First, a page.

I think so. Although, I find everything digital not as intense as it used to be. Photographs, for example: they have a lesser impact than a great print in a magazine. Same goes for experiencing music as an MP3 file, or videos on YouTube that we watch with the constant thought in our minds, “Can I click away now or should I watch it a bit longer?” I see more and more creative people being less motivated to make the best product they can because of that. Most pop music can only appear “new” because of the visual side of it. So, yes, it is still important, maybe more important than ever before. But I hope we will see a future in which we can experience it all richer again.

Does Atari Teenage Riot have a particular set of opinions to showcase in their style?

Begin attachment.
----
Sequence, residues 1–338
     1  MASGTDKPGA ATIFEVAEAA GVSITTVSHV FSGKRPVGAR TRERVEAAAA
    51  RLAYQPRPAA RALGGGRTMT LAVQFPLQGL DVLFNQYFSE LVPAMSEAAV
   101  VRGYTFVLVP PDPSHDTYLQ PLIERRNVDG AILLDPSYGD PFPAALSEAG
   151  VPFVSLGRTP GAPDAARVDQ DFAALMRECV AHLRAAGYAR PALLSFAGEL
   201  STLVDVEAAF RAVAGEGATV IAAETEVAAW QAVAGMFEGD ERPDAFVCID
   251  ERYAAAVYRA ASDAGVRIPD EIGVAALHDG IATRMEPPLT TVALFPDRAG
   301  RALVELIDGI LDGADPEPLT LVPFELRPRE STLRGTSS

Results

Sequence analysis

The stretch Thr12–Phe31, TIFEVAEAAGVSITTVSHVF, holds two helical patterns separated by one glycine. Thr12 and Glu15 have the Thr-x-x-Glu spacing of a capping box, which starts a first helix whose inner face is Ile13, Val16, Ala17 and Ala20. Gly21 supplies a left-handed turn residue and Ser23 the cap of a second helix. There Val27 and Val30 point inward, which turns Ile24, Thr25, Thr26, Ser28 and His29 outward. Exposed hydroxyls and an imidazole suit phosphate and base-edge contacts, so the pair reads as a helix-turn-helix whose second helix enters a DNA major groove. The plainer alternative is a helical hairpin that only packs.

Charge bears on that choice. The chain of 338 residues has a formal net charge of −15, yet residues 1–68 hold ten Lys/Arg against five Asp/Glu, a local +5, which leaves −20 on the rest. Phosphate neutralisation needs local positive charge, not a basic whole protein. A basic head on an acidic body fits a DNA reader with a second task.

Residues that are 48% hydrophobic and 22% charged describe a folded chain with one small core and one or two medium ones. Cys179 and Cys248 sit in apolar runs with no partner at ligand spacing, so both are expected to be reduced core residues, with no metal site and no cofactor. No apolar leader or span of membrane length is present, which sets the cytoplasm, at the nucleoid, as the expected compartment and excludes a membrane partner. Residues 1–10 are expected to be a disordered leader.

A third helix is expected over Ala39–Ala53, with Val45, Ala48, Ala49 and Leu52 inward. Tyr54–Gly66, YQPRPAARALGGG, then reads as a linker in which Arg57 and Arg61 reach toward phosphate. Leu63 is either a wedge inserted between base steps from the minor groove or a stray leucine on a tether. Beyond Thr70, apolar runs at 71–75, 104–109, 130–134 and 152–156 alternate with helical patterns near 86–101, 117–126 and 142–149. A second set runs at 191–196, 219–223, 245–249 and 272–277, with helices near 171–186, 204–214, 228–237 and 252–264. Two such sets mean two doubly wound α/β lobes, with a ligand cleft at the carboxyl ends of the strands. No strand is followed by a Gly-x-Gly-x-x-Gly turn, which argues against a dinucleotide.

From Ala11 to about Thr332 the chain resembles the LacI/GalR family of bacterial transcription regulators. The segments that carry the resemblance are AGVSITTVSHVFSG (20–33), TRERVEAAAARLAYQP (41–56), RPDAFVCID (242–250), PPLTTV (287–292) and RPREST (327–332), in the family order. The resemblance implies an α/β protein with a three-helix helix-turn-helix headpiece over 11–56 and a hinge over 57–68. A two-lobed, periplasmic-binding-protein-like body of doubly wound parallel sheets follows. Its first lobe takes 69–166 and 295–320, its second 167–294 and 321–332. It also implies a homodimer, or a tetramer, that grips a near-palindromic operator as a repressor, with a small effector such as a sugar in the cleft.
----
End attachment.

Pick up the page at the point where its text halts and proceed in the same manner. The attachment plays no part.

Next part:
Yes, even before I joined the group in 1996. Some people think the band is some sort of cyber industrial band, which has nothing to do with the reality of Atari Teenage Riot. If you look at ATR photos from 1995, they look almost like the Velvet Underground. Just two years after, when [ATR founder and frontman] Alec Empire was wearing Fred Perry, they looked like British Ska bands, like The Specials. Then when I joined, every member started to stand out more individually. Alec Empire almost looked like Iggy Pop during his Berlin phase in the 80s, [former member] Carl Crack looked like he could have been a member of Wu-Tang Clan, [former member] Hanin Elias had this “Louise Brooks” silent movie star look, while I was the complete opposite – I loved that mix of Japanese face painting, Anime female superheroines, and the “Emma Peel” leather body suit. One idea Alec Empire had right from the start was that the band should not target an existing scene. They should bring together people from all kinds of scenes. Of course, that was reflected in the clothes they needed to wear to not fit in.